War, what is it good for?

The horror, the horror

There are some things, some sights that etch themselves into your very soul and from which, having witnessed them you may never quite be the same again.

The images coming out of Bucha, of Ukrainian civilians slaughtered with their hands tied behind their backs, of a 6-year-old boy, standing beside the grave of his mother, a dog sitting beside the body of its murdered human companion. These are such images.

War begats war crimes. Fact. The bombardment and near total destruction of cities was something that we knew, the minute Putin took his troops into Ukraine, would happen, even though we didn’t really want to believe it would. Why did we know? Because we’ve seen it before.  In Syria, where another Russian ‘intervention’ razed the city of Aleppo to the ground. There too it wasn’t military targets that were hit but civilian areas – hospitals, residential buildings.

And there too, the perpetrators tried to pass it off as opposition propaganda – fake news, long before that term began to be bandied about with the ferocity it is today. Then too, they tried to tell us that the hospitals were military installations, that the women and children bombed out of existence were in fact the human shields put in by opponents of the Assad regime, on whose side Putin had come down so very, very heavily.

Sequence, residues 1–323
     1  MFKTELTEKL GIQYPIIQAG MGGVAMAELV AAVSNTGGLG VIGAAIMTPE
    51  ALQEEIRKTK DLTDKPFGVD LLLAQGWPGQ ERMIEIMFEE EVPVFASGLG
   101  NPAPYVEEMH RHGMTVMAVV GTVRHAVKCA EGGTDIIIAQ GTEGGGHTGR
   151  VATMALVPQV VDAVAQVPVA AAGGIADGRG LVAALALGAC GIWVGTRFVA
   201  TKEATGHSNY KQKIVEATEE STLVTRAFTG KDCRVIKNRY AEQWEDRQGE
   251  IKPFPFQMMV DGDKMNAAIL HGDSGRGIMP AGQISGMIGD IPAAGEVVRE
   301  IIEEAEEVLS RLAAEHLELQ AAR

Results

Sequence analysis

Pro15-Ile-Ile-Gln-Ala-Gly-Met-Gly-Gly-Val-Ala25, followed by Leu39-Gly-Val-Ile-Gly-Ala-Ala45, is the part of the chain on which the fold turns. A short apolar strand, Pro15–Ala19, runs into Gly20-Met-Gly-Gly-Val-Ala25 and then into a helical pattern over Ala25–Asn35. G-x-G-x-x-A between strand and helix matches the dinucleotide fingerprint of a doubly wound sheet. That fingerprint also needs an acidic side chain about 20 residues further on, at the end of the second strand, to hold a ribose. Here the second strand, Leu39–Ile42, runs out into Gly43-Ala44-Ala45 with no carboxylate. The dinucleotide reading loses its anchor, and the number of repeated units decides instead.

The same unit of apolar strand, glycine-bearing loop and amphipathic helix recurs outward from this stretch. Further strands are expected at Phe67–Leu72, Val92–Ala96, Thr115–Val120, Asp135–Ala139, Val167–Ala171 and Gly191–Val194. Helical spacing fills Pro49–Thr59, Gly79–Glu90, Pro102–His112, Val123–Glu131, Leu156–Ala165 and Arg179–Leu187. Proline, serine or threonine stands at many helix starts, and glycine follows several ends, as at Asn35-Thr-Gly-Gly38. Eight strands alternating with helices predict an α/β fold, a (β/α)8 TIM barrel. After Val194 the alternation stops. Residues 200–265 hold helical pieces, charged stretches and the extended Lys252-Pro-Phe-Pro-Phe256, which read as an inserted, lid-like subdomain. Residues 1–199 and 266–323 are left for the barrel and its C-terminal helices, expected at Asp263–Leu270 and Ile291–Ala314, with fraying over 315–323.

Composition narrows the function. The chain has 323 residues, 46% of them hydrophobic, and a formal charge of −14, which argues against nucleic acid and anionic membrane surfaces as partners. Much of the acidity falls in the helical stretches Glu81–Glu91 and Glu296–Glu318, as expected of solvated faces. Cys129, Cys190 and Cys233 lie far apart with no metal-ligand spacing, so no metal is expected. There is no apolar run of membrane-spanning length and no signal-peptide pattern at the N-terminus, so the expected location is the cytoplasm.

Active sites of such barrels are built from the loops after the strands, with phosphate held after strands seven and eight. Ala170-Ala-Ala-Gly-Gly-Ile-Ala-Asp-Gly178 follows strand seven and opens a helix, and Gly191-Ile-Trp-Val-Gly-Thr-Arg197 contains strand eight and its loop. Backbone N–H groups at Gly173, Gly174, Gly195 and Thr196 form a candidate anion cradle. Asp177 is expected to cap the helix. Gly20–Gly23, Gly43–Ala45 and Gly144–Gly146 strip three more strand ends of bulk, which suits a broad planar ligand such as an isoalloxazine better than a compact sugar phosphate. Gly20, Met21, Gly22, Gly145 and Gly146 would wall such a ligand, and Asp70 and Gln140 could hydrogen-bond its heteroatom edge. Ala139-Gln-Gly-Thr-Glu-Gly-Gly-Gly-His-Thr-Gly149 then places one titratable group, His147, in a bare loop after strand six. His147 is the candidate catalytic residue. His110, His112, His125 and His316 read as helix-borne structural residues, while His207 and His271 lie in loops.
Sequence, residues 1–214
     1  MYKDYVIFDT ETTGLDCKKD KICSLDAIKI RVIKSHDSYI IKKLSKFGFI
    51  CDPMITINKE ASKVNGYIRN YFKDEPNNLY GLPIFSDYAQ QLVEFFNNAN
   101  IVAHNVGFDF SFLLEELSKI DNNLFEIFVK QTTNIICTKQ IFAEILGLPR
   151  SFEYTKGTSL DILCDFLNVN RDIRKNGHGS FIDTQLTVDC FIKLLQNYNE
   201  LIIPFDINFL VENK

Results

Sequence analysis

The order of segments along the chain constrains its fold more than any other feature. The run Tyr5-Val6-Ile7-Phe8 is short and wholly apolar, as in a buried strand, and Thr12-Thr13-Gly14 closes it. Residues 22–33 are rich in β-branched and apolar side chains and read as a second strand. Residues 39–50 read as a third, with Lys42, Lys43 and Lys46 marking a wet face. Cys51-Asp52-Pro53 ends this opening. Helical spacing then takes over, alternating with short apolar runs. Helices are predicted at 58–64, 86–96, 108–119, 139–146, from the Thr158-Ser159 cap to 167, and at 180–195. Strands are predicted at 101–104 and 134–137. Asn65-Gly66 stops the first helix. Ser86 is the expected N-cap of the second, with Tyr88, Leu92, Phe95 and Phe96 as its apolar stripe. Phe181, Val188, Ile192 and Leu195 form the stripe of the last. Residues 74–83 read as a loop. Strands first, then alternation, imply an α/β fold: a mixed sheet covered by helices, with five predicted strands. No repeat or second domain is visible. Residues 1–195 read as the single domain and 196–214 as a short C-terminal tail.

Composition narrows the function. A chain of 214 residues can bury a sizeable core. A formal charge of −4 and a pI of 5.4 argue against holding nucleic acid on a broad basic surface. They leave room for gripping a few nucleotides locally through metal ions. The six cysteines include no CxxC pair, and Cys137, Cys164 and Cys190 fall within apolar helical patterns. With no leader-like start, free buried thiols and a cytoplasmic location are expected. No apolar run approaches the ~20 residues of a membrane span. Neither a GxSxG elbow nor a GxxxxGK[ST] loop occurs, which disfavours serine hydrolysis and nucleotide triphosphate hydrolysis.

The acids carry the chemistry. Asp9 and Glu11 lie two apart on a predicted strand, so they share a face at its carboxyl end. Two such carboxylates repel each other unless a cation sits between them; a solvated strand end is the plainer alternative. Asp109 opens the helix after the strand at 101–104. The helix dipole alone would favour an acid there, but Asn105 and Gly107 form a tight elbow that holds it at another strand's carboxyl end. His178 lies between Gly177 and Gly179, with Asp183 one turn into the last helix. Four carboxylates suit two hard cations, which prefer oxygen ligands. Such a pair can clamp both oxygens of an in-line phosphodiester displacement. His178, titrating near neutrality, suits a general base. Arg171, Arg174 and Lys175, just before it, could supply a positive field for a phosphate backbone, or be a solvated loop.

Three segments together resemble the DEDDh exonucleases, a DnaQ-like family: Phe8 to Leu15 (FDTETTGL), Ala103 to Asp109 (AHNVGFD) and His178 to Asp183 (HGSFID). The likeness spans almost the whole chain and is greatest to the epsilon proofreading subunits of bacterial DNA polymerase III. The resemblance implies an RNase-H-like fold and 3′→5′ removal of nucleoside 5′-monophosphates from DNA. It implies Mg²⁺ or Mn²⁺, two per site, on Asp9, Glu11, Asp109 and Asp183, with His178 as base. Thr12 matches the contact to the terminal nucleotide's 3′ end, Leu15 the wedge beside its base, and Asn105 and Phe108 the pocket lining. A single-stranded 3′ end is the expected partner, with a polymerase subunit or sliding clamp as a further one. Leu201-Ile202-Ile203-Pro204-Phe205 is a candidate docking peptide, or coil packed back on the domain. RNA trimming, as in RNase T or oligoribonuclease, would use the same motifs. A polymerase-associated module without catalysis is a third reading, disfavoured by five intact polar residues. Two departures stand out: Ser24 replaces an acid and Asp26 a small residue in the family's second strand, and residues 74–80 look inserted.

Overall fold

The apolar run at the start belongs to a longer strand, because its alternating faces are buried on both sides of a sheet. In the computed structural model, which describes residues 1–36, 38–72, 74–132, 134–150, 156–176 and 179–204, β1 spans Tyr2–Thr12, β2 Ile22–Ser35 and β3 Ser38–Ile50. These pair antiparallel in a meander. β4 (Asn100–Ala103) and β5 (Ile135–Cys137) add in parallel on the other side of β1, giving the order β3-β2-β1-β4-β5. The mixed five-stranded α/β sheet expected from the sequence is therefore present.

Today, Russian state TV is telling its citizens that any bodies they see on the ground in Bucha are staged or killed by Ukrainians as a way to make Russia look bad. No, I think you are managing that all by yourself.

So, we should be shocked, horrified, angry, but not surprised. Because if nothing else, this war has reminded us of just how inhumane the most lethal killing machine on the planet can be. I don’t want to believe the images from Bucha, I really don’t. But I do. And all the rumours of indiscriminate shootings, the use of rape as a weapon. Because anyone who’s studied anything of 20th century history knows we’ve seen them before – in in NemmersDorf, and Bronki and Treuenbritzen in WW2, in Dachau and Auschwitz, and more recently in Srebrenica and Rwanda.

It looks like the warnings that the Chechen mercenaries would be deployed in Ukraine may be coming true. And that is very, very bad news. I worry for whoever hasn’t got out of Ukraine yet. I worry that we will get war-fatigue before long, too sickened by the images coming out across our screens and our newspapers to be able to feel the true horror. I also worry for the sanity of those who have had to witness it all and still go on living.

President Zelensky is going to need counselling for the rest of his life I suspect. All this happened on his watch. He’s fighting for his country, for the people that elected him, but at what cost? They say that Churchill never quite got over abandoning Coventry to the massive air-raid in order to protect the knowledge that the Allies had broken the Enigma code. It had to be that way, but it never quite left him.

What he is having to see in Bucha and elsewhere in Ukraine will never leave Zelensky either. When this is over, will the West have learned its lesson? I want to believe yes….but I can’t.


The face of a man who knows that what he has just witnessed is etched on his heart forever.

About Fiona Russell-Horne

Group Managing Editor across the BMJ portfolio.

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